FIGURE 6.4 'Jiiangulation.
-
182 Chapter 6
Axisymmetric Solids Subjected to Axisymmetric Loading
and
L-_________________ r
FIGURE 6.5 Axisymmetric triangular element.
By using the isoparametric representation, we find
, = t'l + 1/'2 + (1 - t - 1/)'3
z = tZl + 1/Z2 + (1 - g - 1/)Z3
The chain rule of differentiation gives
l
'U) l'U)
~ ~ ar
oU dU
- -
d1/ dZ
where the Jacobian is given by
(6.17)
(6.18)
(6.19)
J = [;;; :;;] (6.20)
In the definition of J earlier, we have used the notation r _ d Z
The determinant of J is '} = 'i - ',an z,' = Zi - j'
Section 6.3
Finite Element Modeling: Triangular Element 183
Recall that Idet JI = 2Ae That is, the absolute value of the detenninant ofJ equals twice
the area of the element. The inverse relations for Eqs. 6.18 and 6.19 are given by
I ~ I ~ I ~ I - I ~ I ~ I g i
(6.22)
where
r' __ 1_[ z" -z"J (6.23)
detJ -r23 Z13
Introducing these transformation relationships into the strain-displacement relations
in Eq. 6.6 and using Eqs. 6.16, we get
.-
Z23(Ql - Qs) - Z13(Q3 - Qs)
detJ
-r23(q2 - q6) + r13(q4 - q6)
detJ
-r23(ql - qs) + r13(q3 - qs) + Z23(q2 - Q6) - Z13(Q4 - Q6)
detJ
This can be written in the matrix form as
E = Bq (6.24)
where the element strain-<iisplacement matrix, of dimension (4 X 6), is given by
z"
0
z"
0
z"
0
detJ detJ detl
0
rn
0
r"
0
~
detJ detJ detJ
B-
(6.25)
r" z" r" z" r"
Zu
detJ detl detJ detJ detJ detJ
N,
0
N,
0
N,
0
r r r
Potential-Energy Approach
The potential energy n on the discretized region is given by
ll- ~ [H2" i.
TD

retA
) - 2" iTfrdA - 2" i uTTrde 1
- ~ .ip, (6.26)
, !
184 Chapter 6
Axisymmetric Solids Subjected to Axisymmetric loading
The element strain energy U, given by the first term can be written as
U, 2 .. 1 UTDU,dA)q
(6.27)
The quantity inside the parentheses is the element stiffness matrix,
k' = 21T 1 BTDBr dA (6.28)
The fourth row in B has tenns of the type NJr. Further, this integral also has an additional
r in it. As a simple approximation, Band r can be evaluated at the centroid of the trian-
gle and used as representative values for the triangle. At the centroid of the triangle,
and
r =
3
(6.29)
where r is the radius of the centroid. Denoting B as the element strain-displacement ma-
trix B evaluated at the centroid, we get
k
e
== 21TriFDB 1 dA
or
(6.30)
We note here that 21Tr Ae is the volume of the ring-shaped element shown in Fig. 6.5.
Also, Ae is given by
A, lldetJI (6.31)
We also use this centroid or midpoint rule* for body forces and surface tractions as dis-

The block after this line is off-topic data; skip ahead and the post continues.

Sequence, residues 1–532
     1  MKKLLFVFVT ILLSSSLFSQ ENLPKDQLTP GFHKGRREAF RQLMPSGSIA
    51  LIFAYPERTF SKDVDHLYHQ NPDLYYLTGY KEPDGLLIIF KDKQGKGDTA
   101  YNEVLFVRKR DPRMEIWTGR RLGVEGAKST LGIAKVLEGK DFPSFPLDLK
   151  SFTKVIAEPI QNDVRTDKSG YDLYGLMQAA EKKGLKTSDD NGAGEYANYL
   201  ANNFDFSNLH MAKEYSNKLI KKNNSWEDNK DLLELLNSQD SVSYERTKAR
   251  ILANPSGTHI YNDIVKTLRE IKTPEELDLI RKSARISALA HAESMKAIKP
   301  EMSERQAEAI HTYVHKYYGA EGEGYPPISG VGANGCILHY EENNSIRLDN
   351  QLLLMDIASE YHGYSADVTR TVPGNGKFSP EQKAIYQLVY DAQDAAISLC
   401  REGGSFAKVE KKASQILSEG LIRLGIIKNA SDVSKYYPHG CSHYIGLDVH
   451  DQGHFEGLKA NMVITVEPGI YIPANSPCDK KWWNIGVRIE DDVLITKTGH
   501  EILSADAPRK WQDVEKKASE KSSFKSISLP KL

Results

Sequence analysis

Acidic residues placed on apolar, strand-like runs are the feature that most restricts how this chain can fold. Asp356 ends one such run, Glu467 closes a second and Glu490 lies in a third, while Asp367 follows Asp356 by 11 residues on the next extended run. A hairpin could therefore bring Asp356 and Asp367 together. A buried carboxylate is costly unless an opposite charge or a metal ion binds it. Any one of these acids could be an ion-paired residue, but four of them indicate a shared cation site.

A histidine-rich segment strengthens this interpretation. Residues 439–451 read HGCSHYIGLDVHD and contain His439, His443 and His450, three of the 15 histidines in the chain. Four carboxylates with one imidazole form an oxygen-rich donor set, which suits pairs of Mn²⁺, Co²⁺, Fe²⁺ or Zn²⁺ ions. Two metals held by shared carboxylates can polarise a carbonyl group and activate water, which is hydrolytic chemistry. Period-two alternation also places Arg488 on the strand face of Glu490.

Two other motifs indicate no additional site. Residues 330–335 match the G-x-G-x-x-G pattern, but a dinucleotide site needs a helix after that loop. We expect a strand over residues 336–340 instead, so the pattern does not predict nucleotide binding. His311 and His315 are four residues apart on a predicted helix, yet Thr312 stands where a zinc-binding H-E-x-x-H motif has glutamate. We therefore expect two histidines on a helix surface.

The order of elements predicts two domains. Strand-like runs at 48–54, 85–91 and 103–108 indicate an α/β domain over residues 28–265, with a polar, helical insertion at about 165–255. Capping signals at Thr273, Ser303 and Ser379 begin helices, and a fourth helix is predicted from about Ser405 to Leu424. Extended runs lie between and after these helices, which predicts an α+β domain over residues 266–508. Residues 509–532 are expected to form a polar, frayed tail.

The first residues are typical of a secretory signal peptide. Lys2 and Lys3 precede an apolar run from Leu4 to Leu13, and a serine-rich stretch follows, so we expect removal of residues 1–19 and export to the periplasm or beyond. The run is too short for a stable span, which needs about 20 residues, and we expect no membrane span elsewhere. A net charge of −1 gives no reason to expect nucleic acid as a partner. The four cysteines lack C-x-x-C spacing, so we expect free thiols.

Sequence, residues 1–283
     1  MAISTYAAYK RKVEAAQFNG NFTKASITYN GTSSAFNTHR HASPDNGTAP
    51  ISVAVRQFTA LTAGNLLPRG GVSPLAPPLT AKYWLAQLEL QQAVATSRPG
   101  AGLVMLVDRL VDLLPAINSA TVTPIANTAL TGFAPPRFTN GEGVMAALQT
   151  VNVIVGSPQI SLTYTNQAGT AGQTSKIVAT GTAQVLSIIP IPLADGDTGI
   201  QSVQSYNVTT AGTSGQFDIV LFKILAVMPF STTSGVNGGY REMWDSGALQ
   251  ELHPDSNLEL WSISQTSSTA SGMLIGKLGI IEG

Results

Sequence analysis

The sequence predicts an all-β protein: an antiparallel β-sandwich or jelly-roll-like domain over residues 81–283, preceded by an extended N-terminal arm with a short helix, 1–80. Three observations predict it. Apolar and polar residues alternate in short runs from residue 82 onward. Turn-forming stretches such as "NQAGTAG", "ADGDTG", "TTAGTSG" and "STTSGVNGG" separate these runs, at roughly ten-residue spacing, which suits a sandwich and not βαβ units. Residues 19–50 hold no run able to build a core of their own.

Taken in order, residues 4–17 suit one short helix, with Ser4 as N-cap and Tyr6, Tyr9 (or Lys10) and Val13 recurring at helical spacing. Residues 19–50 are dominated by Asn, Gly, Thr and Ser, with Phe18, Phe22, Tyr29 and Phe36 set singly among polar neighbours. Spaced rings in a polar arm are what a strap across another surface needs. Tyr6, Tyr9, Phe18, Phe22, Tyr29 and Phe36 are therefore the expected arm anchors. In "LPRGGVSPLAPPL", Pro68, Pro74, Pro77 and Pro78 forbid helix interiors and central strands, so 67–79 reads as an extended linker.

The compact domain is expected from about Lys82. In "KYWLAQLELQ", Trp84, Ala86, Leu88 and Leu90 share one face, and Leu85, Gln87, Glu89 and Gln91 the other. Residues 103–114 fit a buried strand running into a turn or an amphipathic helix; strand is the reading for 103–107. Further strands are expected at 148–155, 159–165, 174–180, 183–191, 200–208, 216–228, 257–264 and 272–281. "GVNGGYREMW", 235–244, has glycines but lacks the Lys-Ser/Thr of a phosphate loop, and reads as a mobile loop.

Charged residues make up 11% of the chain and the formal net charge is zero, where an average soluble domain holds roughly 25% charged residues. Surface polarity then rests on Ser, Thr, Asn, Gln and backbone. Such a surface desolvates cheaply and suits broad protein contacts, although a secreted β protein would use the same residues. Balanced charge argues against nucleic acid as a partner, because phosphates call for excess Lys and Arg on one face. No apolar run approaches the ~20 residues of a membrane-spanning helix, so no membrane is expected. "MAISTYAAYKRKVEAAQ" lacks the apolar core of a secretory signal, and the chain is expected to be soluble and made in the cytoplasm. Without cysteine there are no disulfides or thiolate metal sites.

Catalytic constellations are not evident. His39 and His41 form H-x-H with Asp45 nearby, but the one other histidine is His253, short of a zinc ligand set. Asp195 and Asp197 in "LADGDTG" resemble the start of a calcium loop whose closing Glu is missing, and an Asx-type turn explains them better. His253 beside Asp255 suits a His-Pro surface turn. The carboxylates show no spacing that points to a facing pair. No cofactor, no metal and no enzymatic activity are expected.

cussed in the following section. Caution must be exerted for elements close to the axis
of symmetry. For better results, smaller elements need to be chosen close to the axis of
symmetry. Another approach is to introduce T = NI TI + N2T2 + N'h, in the following
equations and perform elaborate integration. More elaborate of numerical
integration are discussed in Chapter 7.
Body Force Term
We first consider the body force term 21r 1. uTfT dA. We have
271' 1 u
1
frdA = 21T 1 (ur + WfJTdA
= 21T 1 [(N1ql + N2Q, + N3q5)f, + (N\q2 + N
2
Q4 + N
3
q6)fz]rdA
* Suggested by 0. C. Zienkiewicz, The Finite ElemenrMethod 3' 'N ""M G H'111983,
, e. eWIor. c raw- 1,
j:
.
Section 6.3
Finite Element Modeling: Triangular Etement 185
Once again, approximating the variable quantities by their values at the centroid of the
triangle, we get
217" 1 uTlr dA = qT,..
where the element body force vector'" is given by
(632)
217"rA" - - - - - - T
f< - -3-[f"f"f"f"f"f,]
(633)
The bar on the I terms indicates that they are evaluated at the centroid. Where body force
is the primary load, greater accuracy may be obtained by substituting' = Nlr. +
N2rz + N3T3 into Eq. 6.32 and integrating to get nodal loads.
Rotating Flywheel
As an example, let us consider a rotating flywheel with its axis in the z direction. We
consider the flywheel to be stationary and apply the equivalent radial centrifugal (in-
ertial) force per unit volume of pr&i, where p is the density (mass per unit volume), and
Cd the angular velocity in rad/s. In addition. if gravity acts along the negative z-axis, then
f - [t,t,]T - [prw', _pg]T (6.34)
and
1, - prw',j, - -pg (6.35)
For more precise results with coarse meshes. we need to use r = Nt'! + N
2
,z + N3r3
and integrate.
Surface Traction
For a uniformly distributed load with components T, and T
z
, shown in Fig. 6.6, on the
edge connecting nodes 1 and 2. we get
2" 1 uTTrd! - qTr (6.36)
2
, = NITI + N2T2
(1-2 = .J(T2 Tl)2+(-<:2 ~ 1 2
,
FIGURE 6.6 Surface tIaCtiOD.
-
Iii
~
186 Chapter 6
where
Axisymmetric Solids Subjected to Axisymmetric Loading
q = [Q"Q2,Q3,Q4]T
T
e
= 21Te
1
.AaT" aT"bT" bT,jT
6
" + 272
~
6
(6.37)
(6.38)
(6.39)
(6.40)
In this derivation" is expressed as N,', + N
2
'2 and then integrated. When the line 1-2
is parallel to the z-axis, we have" = '2, which gives a = b = 0.5r
1
.
Example 6.1
An axisymmetric body with a linearly distributed load on the -conical surface is shown in
Fig. E6.1. Detennine the equivalent point loads at nodes 2, 4, and 6.
O.25MPa
,
Axisof J> 0.2MPa
symmetry I 2
O.35MPa
0.4 MPa
"--------------------.,
FIGURE E6.1
Solution We approximate the linearly distributed load by the average uniformly distrib-
uted loads on the edges b--4 and 4-2 as shown in Fig. E6.1. Relationships for more precise
modeling of a linearly distributed load are provided in Problem 6.12. We now consider the
two edges b--4 and 4-2 separately and then merge them.
For edge 6-4
p=0.35MPa, fl=60mm, zl=40mm, 'z=40mm, zz=55mm
f l_z = ~ (2)2 + (ZI - Z2)2 = 25mm
Tr = -pc = -0.21,
2f1 + T2
a ~ --6- = 26.67,
'I - f,
S = ---: = 0.8
'"
T, = -ps = -0.28
b
'1 + 2T2
~ -6-- = 23.33
TI = 21rf
l
_
2
[aT, aT, bT, bT,JT
= [-879.65 -1172.9 -769.69 -1026,25]T N
Section 6.3
Finite Element Modeling: Triangular Element 187